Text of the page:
My son, 32, needs a car. A new Toyota Yaris would seem tailor-made to meet his needs.
He lives alone in an inner city and has a job in the arts (for which, read “poor pay”).
He likes to drive and is very good at it (we once underwent an assessment with the Institute of Advanced Motorists and his mark was better than mine) but you’d find few young guys who are less under the spell of fashion or of laddish fads in cars. You’re not being introduced to Richard Hammond, here. My son wants something small, easy to park, unostentatious (therefore, unlike to be vandalised or stolen), inexpensive to buy, cheap to run and – above all- reliable. If it could also be enjoyable to drive, that would be an extra bonus.
Toyota Yaris Reviewed was the Icon 1.33 5-Dr Manual
He had to drive 600 miles in two days over the weekend in the period while the new Yaris Icon 1.33 was with me. I urged him to take the Toyota, thinking he might decide it was the one for him. For price and size, the Yaris is a class above the city cars like Kia’s Picanto and Ford’s Ka that he would normally be looking at; but I guessed he might like to consider the Yaris, even as a second-hand option.
He found the gearbox hard work and the engine “a bit rough” – to the point where he was surprised to find that it was actually running on unleaded rather than diesel when he stopped to fill up. He would have expected a quieter run from a petrol engine. He also noticed that the nylon stitching on the leather-bound steering-wheel was fraying slightly – a highly unusual sign of inattention to detail in a Toyota.
Otherwise, he was all in favour. Despite being 6’3”, he was able to make himself comfortable for the long motorway sections of his journey. He enjoyed the ‘Touch 2’ touchscreen in the centre of the dashboard and being able to control the stereo, phone, satellite navigation and an apps function with the facility to search online. The boot and storage capacity were more than adequate for his needs as a lone traveller.
His conclusion: “Yes, it would certainly be up there in my list of possibilities; but the Picanto’s transferable seven-year warranty has a big-attraction for me. If I bought a two year-old Picanto, it would still have five years left on the warranty, whereas five years is the maximum I could get on a new Yaris. There’s a lot of money to be saved there.”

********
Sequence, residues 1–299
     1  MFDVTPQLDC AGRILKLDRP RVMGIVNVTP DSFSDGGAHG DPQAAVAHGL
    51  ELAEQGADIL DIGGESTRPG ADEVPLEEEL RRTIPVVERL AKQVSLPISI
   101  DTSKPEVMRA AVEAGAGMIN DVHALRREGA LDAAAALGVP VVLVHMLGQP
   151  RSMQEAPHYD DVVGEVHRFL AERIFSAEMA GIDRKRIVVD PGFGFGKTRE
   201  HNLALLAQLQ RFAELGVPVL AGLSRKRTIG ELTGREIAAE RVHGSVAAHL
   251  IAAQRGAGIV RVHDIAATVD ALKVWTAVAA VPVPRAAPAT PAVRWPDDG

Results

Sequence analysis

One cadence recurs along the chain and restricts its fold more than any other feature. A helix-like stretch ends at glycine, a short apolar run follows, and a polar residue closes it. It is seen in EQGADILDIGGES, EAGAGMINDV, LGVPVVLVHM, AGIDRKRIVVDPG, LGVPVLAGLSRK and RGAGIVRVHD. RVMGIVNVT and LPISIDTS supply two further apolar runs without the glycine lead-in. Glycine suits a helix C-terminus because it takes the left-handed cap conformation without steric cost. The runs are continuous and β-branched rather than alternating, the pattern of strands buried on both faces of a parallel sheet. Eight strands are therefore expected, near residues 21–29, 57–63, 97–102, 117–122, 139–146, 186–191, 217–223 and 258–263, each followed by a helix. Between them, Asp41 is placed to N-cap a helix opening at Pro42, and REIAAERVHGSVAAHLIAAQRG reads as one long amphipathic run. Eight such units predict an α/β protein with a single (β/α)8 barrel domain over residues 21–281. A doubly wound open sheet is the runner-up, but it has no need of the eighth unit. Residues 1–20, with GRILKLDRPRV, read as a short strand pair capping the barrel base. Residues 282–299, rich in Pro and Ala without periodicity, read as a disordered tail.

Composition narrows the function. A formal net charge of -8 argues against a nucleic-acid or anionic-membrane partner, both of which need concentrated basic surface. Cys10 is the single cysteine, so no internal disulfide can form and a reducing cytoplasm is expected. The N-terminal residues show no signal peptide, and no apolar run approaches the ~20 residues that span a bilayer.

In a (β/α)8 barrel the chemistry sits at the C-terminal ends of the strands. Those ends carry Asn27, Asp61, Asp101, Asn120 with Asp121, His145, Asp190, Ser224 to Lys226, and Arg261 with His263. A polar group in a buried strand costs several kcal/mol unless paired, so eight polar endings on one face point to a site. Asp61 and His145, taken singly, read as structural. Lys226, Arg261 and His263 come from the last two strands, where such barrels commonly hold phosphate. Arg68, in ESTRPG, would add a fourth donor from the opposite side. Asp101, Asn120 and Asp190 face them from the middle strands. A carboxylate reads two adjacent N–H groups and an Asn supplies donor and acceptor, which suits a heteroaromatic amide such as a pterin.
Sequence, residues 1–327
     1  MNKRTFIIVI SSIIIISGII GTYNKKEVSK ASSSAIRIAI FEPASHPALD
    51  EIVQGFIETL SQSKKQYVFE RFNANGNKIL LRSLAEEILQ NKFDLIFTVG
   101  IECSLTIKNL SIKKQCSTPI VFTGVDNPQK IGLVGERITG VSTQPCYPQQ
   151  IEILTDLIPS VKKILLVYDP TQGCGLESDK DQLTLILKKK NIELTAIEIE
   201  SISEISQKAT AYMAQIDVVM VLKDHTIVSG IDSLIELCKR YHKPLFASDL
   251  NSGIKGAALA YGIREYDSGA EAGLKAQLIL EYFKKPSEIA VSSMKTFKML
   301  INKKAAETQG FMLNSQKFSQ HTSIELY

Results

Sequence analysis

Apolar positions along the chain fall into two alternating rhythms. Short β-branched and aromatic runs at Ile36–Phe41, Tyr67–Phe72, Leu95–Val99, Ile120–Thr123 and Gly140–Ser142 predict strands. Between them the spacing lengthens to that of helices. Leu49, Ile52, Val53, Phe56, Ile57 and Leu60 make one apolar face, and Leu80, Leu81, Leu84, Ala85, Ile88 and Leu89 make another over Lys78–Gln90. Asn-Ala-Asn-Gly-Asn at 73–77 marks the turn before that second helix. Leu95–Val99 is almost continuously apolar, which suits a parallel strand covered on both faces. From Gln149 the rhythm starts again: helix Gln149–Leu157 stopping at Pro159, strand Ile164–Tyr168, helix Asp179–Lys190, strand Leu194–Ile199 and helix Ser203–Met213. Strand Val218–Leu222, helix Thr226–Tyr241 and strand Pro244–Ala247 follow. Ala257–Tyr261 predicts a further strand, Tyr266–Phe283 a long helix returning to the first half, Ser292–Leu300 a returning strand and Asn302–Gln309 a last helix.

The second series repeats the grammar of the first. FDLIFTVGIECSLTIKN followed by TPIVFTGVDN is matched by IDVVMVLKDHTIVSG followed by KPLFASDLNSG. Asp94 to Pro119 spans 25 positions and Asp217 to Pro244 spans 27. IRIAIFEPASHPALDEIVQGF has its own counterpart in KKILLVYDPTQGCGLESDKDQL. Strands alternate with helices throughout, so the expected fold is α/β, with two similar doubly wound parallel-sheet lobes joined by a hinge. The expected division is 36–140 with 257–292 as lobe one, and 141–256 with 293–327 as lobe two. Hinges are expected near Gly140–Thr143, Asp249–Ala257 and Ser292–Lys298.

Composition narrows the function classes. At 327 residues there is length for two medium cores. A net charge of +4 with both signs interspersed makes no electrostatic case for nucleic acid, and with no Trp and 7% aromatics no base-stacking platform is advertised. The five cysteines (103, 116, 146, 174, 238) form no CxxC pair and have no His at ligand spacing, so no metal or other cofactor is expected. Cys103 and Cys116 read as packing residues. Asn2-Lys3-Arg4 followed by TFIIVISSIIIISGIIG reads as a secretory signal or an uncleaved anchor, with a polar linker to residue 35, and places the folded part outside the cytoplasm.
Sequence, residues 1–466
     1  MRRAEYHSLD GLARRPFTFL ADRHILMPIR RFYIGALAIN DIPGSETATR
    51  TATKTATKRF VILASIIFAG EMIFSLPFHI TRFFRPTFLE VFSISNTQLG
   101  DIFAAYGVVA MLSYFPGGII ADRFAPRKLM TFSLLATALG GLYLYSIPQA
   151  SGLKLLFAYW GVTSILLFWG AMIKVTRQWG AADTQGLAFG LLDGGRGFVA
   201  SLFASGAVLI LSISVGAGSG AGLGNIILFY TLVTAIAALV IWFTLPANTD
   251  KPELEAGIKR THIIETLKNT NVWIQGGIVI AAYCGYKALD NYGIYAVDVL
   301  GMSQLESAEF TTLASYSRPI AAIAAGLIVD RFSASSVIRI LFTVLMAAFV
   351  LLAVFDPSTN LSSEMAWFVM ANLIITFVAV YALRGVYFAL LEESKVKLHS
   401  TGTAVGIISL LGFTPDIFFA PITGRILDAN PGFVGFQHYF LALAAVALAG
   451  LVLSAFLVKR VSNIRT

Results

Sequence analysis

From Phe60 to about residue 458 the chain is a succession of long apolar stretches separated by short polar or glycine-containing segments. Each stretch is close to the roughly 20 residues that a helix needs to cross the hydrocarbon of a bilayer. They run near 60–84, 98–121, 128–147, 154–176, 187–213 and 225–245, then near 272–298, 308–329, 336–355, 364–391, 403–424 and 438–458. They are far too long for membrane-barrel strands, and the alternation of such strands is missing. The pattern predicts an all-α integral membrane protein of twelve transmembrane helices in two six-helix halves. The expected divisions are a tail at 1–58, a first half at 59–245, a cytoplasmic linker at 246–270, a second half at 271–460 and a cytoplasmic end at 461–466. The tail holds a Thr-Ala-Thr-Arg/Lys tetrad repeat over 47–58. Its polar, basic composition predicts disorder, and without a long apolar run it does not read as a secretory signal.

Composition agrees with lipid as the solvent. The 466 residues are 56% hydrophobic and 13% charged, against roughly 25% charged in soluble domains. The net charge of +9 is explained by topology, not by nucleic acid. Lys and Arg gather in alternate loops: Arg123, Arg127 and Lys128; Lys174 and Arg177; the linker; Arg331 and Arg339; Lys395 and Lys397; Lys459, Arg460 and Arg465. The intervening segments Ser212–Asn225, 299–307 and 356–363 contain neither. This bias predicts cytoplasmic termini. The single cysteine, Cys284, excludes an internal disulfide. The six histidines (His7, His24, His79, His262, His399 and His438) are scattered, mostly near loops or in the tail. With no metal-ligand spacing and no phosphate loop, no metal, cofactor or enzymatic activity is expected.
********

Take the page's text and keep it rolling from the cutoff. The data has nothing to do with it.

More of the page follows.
Out of the two of us, his verdict was the more enthusiastic. In my book, the Yaris felt like a weak substitute for the Fiesta and the Polo (which, at £15240 all-in for the car I borrowed it certainly doesn’t undercut in price). I like the perkier styling with the now trademark St Andrew’s cross on the nose but found that the body rolls markedly if the car is being pushed on at all through corners. I actually liked the operation of the gearbox, which I thought snicky and accurate rather than hard work; but, unlike my son, I found it hard to get comfortable in the driver’s seat; and I cast a more critical eye over the luggage and oddments storage capacity which seemed meagre.
I loved the fish-eye optical display of data behind the steering wheel on the original Yaris, which felt like peering through a periscope in the depths and am disappointed that something so radically original should have been replaced, in the new Yaris, with something so average as a touch-screen display in the middle of the fascia.
I am also disappointed by the Yaris’s now middling positions in current surveys of reliability and customer satisfaction. For many years, this car figured in the top 10 as regularly as Christmas came round in the calendar. Now it has sunk to the middle 40s out of more than 100 cars on the market. Skoda’s Fabia and even Audi’s A1 are streets ahead.
Normally speaking, nobody on earth is a more dedicated advocate than I am for the virtues of Toyota. With this Yaris, however, they seem to have settled for something less than their best efforts (the frayed nylon stitching is a telling sign) – which seems an odd approach at a time when the competitors in the market place are so ferociously, uncompromisingly good.
Review Toyota Yaris Icon 1.33 5-Dr Manual
Price as tested: £15,240
Engine: 1329cc 4-cyl in line, DOHC, 16-valve VVT-i
Power: 98bhp at 6000rpm
Torque: 125Nm at 4000rpm
Transmission: 6-speed manual, front wheel drive
0-62mph: 11.7 seconds
Top speed: 109 mph
Fuel economy: combined 57.6 mpg
CO2 emissions: 114 g/km
Ved/Insurance band: C / 9E